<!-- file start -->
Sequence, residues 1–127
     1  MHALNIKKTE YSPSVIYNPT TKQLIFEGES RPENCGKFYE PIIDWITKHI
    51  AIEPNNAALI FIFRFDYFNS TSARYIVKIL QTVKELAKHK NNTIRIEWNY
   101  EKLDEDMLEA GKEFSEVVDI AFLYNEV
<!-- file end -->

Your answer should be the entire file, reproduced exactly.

Sequence, residues 1–127
     1  MHALNIKKTE YSPSVIYNPT TKQLIFEGES RPENCGKFYE PIIDWITKHI
    51  AIEPNNAALI FIFRFDYFNS TSARYIVKIL QTVKELAKHK NNTIRIEWNY
   101  EKLDEDMLEA GKEFSEVVDI AFLYNEV